WW1 Monuments and Memorials

WW1 memorials

The Great War of 1914-1918 was so terrible and inflicted such large numbers of casualties on all sides that when it was over it was believed by many to be “The War to end All Wars”. By the end of four years of fighting from August 1914 to November 1918 many thousands of families around the world were affected by the tragedy of the wounding or loss of one of their own. Communities were depleted of many of their young men. Villages and towns in the regions where battles had raged were badly damaged or almost completely destroyed. Some villages on the battlefield areas of The Western Front in France simply disappeared.

War Memorial in St. Mary's churchyard at the town of Kirkby Lonsdale, Lancashire, England. The memorial was unveiled in 1921. It commemorates the names of 149 men who served and returned from the First World War. The names of another 41 men who died and did not return are inscribed on the memorial.
The War Memorial at Kirkby Lonsdale, Lancashre, England.

Preserving the memory of the people involved in the fighting, those people who were forever to be scarred by their involvement in the First World War, and the places ravaged by the war, was at the heart of a desire in the 1920s to find a way to mark their participation in such a large-scale, world-changing event.

Memorials to the First World War are many and varied. Official and private memorials are to be found on the battlefields of the various theatres of that war and in the home nation of those who served from the many countries which were involved in it.

Added to these more formalized memorial sites there were all sorts of ideas put forward for commemorating the war and the people who fought in it, which resulted in a wide variety of memorials. There were official tokens of Remembrance in the form of memorial plaques issued to relatives of the fallen and commemorative “Peace” medals. Charitable care for ex-Servicemen was begun under the auspices of the Flanders Fields Memorial Poppy, internationally recognized these days as a symbol of Remembrance with its roots in the tragedy of the First World War. Memorial rolls of honour were put up in factories, sports clubs, railway stations, schools, universities and so on. Church windows were designed and dedicated to military units or individuals. Memorial buildings were constructed to provide “living memorials”, for example, as community centres, places for rehabilitation or worship.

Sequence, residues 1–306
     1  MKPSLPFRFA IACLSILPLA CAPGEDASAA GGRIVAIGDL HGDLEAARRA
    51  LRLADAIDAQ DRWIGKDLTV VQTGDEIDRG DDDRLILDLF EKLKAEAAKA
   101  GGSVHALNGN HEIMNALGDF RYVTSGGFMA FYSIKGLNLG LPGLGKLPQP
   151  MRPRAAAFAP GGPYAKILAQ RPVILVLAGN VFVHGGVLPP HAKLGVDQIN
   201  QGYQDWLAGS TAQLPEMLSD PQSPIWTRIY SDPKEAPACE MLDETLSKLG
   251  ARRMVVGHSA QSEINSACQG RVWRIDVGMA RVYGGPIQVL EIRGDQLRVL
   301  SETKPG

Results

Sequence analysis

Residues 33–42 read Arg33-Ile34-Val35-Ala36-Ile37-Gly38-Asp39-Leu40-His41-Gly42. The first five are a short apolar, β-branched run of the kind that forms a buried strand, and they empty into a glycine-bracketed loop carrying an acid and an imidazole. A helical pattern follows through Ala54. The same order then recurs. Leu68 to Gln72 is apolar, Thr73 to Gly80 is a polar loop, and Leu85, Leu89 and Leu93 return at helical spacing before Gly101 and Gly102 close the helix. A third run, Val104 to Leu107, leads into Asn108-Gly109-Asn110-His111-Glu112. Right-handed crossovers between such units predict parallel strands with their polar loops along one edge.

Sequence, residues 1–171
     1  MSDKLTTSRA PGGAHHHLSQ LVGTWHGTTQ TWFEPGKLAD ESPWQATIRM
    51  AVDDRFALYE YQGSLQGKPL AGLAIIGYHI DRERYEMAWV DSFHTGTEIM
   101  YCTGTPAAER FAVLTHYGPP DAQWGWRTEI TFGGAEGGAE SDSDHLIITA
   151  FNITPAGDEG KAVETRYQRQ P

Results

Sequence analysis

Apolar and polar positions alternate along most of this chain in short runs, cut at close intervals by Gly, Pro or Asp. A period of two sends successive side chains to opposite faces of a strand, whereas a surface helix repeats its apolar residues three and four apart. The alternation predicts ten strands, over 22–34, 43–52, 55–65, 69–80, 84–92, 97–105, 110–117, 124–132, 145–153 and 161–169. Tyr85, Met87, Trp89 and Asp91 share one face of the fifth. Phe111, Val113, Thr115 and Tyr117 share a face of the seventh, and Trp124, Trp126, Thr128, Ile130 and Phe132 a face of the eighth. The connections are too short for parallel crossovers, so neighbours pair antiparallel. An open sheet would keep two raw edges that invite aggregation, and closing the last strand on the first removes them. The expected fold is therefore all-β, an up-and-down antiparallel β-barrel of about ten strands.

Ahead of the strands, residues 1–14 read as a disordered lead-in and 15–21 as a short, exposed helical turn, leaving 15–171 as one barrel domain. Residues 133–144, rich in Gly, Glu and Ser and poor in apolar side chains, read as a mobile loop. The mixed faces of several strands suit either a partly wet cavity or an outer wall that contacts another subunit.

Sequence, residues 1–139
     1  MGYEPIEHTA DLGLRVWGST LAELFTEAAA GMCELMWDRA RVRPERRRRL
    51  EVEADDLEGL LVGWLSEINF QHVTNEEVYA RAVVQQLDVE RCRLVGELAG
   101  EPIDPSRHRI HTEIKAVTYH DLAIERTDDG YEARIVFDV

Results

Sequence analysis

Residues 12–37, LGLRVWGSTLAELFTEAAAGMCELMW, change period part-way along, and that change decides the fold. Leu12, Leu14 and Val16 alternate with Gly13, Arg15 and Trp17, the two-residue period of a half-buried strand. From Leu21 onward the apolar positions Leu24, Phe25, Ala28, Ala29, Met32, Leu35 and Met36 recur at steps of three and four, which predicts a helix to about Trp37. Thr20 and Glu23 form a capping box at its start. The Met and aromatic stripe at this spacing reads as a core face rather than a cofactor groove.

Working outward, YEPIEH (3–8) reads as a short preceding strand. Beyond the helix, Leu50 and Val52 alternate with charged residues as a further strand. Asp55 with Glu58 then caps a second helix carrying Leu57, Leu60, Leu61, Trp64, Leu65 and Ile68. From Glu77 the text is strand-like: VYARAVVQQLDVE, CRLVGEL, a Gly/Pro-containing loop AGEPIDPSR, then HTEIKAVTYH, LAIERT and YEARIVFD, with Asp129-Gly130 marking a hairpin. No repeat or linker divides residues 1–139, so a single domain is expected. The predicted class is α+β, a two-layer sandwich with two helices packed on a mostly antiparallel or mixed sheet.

Memorials on The Western Front Battlefields

Thiepval Memorial to the Missing, Somme battlefields, France. The memorial commemorates 72,194 British and Commonwealth officers and men who have no known grave.

On the old battlefields of the Western Front official national memorials were erected by the Allied nations during the 1920s and 1930s to commemorate the large numbers of lives lost.

Memorial to the British Army's 37th Division at Monchy-le-Preux, northern France.
Memorial to the British Army's 37th Division at Monchy-le-Preux, northern France.

Ex-Service organizations also placed memorials on the battlefields dedicated to military units such as divisions, regiments and battalions.